I’ve done a simple analysis that speaks to this question. Using the 1972-2008 American National Election Studies, I examined only white voters and modeled presidential vote (excluding third parties) as a function of three factors:
* Identification with a party, which is coded in 7 categories ranging from strong Democrat to strong Republican. This is a conventional measure in political science.
* Self-reported ideology on the liberal-conservative spectrum, which is also coded in 7 categories ranging from strong liberal to strong conservative. This is also a conventional measure, although hardly the definitive measure.
* A measure of affect toward blacks. Beginning with the 1972 survey, respondents were asked to evaluate various groups on a 1-100 “feeling thermometer,” where 1 signifies very cool feelings and 100 very warm feelings. I subtracted affect toward blacks from affect toward whites. Thus, people with higher scores evaluated whites more favorably than blacks. (Computing the difference between evaluations of whites and blacks helps deal with scale incomparability across respondents; see Lee’s felicitously titled article.)
(Nerdy details: Each factor is scaled 0-1. Presidential vote is coded 1-Republican and 0-Democrat. The model is a logit model, with survey weights. This is particularly important in 2008, when the ANES intentionally sampled a larger number of blacks.)
Yes, this is a simple model. Yes, I could control for other things. Yes, it’s not a perfect measure of prejudice. (And so forgive me the title of the post. I’m just trying to draw some attention amidst the other interesting stuff on people’s RSS feeds.) To summarize: this is a blog post, not a journal submission.
Below I plot the coefficients and confidence intervals from a model in each presidential election year. Larger values mean a stronger relationship between the factor in question and presidential vote. If the confidence interval does not cross 0, then the coefficient attains conventional levels of statistical significance.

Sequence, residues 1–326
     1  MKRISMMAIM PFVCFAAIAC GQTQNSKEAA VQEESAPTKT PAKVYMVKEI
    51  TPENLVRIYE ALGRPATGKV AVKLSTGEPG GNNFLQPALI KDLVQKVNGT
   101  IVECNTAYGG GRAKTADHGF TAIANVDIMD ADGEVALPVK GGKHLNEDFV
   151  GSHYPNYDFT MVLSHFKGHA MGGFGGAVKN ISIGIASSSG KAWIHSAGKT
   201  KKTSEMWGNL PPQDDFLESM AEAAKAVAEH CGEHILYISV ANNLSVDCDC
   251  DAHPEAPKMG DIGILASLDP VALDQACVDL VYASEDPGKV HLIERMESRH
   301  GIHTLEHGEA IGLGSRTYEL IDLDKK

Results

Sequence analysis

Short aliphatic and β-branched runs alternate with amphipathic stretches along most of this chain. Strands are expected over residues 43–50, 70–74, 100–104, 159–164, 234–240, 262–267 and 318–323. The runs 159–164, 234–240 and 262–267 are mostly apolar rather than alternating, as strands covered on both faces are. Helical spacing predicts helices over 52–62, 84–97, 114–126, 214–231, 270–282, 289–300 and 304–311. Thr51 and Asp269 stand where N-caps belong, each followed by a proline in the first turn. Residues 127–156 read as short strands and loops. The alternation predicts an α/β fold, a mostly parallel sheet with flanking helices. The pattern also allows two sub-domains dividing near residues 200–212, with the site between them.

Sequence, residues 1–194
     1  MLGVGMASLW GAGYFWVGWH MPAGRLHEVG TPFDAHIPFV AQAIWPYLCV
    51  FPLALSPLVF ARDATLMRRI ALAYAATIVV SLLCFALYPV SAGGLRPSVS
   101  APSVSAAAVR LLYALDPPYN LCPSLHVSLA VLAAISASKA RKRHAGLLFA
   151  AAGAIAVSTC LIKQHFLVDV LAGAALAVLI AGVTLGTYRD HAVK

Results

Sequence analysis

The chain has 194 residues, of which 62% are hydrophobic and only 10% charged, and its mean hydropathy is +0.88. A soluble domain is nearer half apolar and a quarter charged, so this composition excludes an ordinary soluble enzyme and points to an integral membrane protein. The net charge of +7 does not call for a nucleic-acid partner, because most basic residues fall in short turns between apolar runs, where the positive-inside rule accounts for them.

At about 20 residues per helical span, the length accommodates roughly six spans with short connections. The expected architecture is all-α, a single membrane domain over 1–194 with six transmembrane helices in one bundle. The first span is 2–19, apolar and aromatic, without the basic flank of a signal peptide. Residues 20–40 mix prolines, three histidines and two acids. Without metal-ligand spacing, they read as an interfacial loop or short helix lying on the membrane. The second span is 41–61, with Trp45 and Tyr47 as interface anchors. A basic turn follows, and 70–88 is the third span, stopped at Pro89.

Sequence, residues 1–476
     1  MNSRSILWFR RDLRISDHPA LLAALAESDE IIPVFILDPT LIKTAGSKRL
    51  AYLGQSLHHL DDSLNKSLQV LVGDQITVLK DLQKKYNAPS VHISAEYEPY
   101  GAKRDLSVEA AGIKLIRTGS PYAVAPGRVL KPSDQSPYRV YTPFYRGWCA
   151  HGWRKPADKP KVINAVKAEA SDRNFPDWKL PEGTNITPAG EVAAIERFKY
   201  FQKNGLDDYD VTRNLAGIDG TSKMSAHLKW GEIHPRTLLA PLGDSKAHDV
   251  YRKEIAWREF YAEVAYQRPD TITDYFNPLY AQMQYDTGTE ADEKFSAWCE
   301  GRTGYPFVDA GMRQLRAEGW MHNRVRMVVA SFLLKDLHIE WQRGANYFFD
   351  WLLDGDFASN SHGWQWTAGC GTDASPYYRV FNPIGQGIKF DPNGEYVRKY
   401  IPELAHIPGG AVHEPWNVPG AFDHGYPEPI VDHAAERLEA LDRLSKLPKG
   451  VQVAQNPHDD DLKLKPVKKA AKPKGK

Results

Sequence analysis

The results show the increasing effects of both party identification and ideology. These are familiar findings (see, e.g., here).
Affect toward blacks had a statistically significant impact in 1972-92, but its impact was much closer to 0 in 1996 and 2000. Its effect was larger in 2004 than in the two previous elections, although not statistically significant. In 2008, however, its effect was larger still and statistically significant.
What does the 2008 effect, substantively speaking? It means that, controlling for party identification and ideology, the more negatively a white person evaluates blacks, relative to whites, the more likely they are to vote for McCain. For example, a white person who calls him or herself an independent and a moderate and evaluates whites and blacks equally would have a .51 probability of voting for McCain. A person who is an independent and a moderate, but who evaluates blacks 20 points lower than whites on the feeling thermometers, would have a .57 probability of voting for McCain — a 6 point increase.
That is a hypothetical effect at the level of an individual voter. What about at the level of the electorate as a whole? To simulate this effect, I calculated Obama’s expected share of the vote based on predictions from the model above. As before, I am focusing on white voters. Then I simulated his share of the white vote if everyone who had a less favorable view of blacks, relative to whites, were magically transformed into someone with equivalent views of blacks and whites. So what would happen to Obama’s vote share among white voters in this scenario, relative to reality?
It would have increased by 1 percentage point. That’s it.
Sound small? This is because those whose affect toward blacks changed in my simulation may have been predisposed to vote for McCain because of party or ideology. In sum, there are relatively few voters who are both negatively disposed toward blacks and not already strongly committted to a candidate for other reasons.
This analysis buttresses Charles Franklin’s analysis of a pre-election poll, which I linked to in late October. He also found small aggregate effects. Neither of our analysis speaks at all to Electoral College votes, which would require separate analyses of survey data in individual battleground states.
Let me be clear: this analysis is not the final word. Not at all. By any stretch. At all. Seriously. But I am willing to bet that truly sophisticated analyses will show something similar: a significant individual-level effect of racial prejudice on presidential voting in 2008, but not necessarily large aggregate effects on the actual outcome of the election.